It took a nearby hospital eight hours just to pump enough blood in Moore to keep her heart beating. The bites were so deep that Dr. Andrew Fagan, who later operated on her in her hometown of Toronto, noted bite marks on her bones. Amazingly, she persevered. Though there was no saving her arm, doctors successfully attached tissue from her right leg around the wound on her left. Two months after the attack, Moore was recovering at home. She eventually went back to work as a nurse, started running intense races like the Warrior Dash, and just to prove she's an equal-opportunity inspirer, she works with organizations that help shark attack survivors, plus ones that help conserve endangered sharks. After all, Moore knows it was nothing personal.

David and Sebastian Cozzan

Many fathers want their sons to grow up to be like them, but what happened with David Cozzan's son, Sebastian, was not what David had in mind.

According to the Palm Beach Post, in March 2014, 9-year-old Sebastian was surfing at John D. MacArthur State Park in Palm Beach, Florida, when a spinner shark took note of him and pounced on his right foot. Despite kicking the shark in the mouth, Sebastian suffered enough damage to require 80 stitches. Oddly enough, in a case of the apple falling wayyyyy too close to the tree, Sebastian's father, David, told the Post that two decades before his son was shark-attacked, he too ran afoul of the angry beasts. He wasn't attacked just any old place, either — David was attacked by a shark at John D. MacArthur State Park, the same area where his son encountered one. David's shark even went after his foot, though it was the left one because life can't be too eerily coincidental.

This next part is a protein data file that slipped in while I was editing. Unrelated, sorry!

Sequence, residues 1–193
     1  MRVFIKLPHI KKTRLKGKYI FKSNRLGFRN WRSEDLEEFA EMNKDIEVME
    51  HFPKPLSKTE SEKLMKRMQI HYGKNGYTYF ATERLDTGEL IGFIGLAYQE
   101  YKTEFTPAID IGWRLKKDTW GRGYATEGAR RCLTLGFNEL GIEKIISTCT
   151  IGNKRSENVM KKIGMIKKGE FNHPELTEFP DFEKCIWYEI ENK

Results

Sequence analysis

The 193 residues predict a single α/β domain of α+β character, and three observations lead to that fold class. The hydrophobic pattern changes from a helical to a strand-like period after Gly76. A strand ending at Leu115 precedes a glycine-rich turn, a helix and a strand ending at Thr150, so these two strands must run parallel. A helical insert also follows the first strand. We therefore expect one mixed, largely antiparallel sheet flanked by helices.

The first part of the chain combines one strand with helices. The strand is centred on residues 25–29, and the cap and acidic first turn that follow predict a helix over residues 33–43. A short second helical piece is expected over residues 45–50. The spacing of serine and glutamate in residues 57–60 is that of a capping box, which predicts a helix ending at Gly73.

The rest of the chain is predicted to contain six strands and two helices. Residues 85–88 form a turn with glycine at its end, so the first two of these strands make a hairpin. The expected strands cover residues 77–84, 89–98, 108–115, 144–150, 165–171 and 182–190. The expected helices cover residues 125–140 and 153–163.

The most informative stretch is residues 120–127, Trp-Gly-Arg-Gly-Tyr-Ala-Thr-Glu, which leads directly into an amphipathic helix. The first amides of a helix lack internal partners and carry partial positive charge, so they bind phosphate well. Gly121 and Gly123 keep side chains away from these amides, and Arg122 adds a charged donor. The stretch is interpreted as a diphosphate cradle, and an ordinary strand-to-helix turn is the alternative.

According to David, however, his son got it much worse; the elder Cozzan didn't need stitches.  Thank goodness he still has ammo when bragging to his son about how much tougher people were in the "good old days."

Achmat Hassiem